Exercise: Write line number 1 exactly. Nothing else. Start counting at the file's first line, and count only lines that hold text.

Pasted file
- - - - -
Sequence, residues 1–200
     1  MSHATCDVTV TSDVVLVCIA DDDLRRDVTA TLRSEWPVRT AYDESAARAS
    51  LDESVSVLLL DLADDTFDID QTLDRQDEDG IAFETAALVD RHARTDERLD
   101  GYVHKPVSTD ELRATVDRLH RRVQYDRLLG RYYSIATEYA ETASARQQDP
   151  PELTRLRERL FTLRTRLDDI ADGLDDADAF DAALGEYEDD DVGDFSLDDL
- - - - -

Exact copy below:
Sequence, residues 1–200